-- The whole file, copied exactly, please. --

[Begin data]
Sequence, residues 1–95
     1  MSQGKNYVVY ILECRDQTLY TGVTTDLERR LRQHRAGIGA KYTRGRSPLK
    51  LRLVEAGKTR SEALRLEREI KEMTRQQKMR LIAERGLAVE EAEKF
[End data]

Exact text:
Sequence, residues 1–95
     1  MSQGKNYVVY ILECRDQTLY TGVTTDLERR LRQHRAGIGA KYTRGRSPLK
    51  LRLVEAGKTR SEALRLEREI KEMTRQQKMR LIAERGLAVE EAEKF